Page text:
The result of this cmdlet is a list properties for each virtual machine.
<img src=”/images/2013-09-20/01-FL.png” width=720”>
Near the bottom of the each list are a couple of bandwidth values. We are interested in MinimumBandwidthWeight and BandwidthPercentage. The name of the virtual machine might also come in handy. With this information we can run the command again, pipe it to a Format-Table and specify these properties.
Get-VMNetworkAdapter -VMName * | FT Name, MinimumBandwidthWeight, BandwidthPercentage
<img src=”/images/2013-09-20/02-FT.png” width=720”>
As you can see we now have a nice table displaying the calculated BandwidthPercentage values. But the MinimumBandwidthWeight is not showing any values. Despite the Format-List that did show the assigned weight.
So I tried to narrow down the Format-List command by specifying the same properties.
Get-VMNetworkAdapter -VMName * | FL Name, MinimumBandwidthWeight, BandwidthPercentage
<img src=”/images/2013-09-20/03-FL-with-Properties.png” width=720”>
This doesn’t make any sense. I asked Jeff Wouters (MVP Powershell) if he had some pointers for me. His quick and effective answer:
Sounds like the display name and the real name of the properties aren’t the same. To retrieve the real name run the cmdlet
Get-VMNetworkAdapter -VMName * | Get-Member
<img src=”/images/2013-09-20/04-Get-Member.png” width=720”>
Jeff was right, the property BandwidthPercentage was in the list of available properties but the MinimumBandwidthWeight was not. Another property called BandwidthSetting caught my attention so I tried to run the cmdlet by using this property.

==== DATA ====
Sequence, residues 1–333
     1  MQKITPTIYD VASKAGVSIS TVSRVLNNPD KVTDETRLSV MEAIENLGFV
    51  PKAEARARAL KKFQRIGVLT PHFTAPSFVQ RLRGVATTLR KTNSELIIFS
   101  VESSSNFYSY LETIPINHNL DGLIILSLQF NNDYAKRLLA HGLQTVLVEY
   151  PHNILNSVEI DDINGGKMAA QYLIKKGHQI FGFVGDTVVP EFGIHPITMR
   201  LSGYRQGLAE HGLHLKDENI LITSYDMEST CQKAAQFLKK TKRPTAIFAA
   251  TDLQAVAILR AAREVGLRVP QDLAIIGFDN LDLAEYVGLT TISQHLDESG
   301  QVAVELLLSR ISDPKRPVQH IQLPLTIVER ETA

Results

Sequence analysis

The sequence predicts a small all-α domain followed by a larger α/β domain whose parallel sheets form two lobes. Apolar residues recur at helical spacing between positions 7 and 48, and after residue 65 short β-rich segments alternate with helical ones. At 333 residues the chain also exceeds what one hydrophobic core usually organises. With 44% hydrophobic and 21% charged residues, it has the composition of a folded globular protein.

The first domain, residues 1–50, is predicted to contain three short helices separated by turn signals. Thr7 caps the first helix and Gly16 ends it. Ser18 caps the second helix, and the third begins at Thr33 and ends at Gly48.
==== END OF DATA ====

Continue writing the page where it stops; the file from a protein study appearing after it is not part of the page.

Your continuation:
Get-VMNetworkAdapter -VMName * | FT Name, BandwidthSetting, BandwidthPercentage
<img src=”/images/2013-09-20/05-Alias.png” width=720”>
Mm.. That was not the result I hoped for. I decided to do some PowerShell reading again. Finally I found a parameter called –ExpandProperty.
if the specified property is an array, each value of the array is included in the output
That sounds like the result I’m looking for. But the -ExpandProperty is a parameter of the Select-Object cmdlet. Let’s try to pipe the Get-VMNetworkAdapter -VMName * cmdlet to the Select-Object cmdlet referencing the BandwidthSetting property from the Get-member cmdlet and then pipe that to a Format-Table.
Get-VMNetworkAdapter -VMName * | Select-Object Name, bandwidthpercentage -ExpandProperty Bandwidthsetting | FT –AutoSize
<img src=”/images/2013-09-20/06-ExpandProperty-and-other-properties.png” width=720”>
And there we have the result we were looking for. You can add additional properties. For example:
Get-VMNetworkAdapter -VMName * | Select-Object name, MacAddress, SwitchName, bandwidthpercentage -ExpandProperty Bandwidthsetting | FT –AutoSize
<img src=”/images/2013-09-20/07-ExpandProperty-and-other-properties.png” width=720”>
For a Powershell MVP like Jeff this is probably not a complicated thing, but all the blogs if have read with a Get-VMNetworkAdapter referencing the MinimumBandwidthWeight in a Fortmat-Table display no values. Thought this one might come in handy.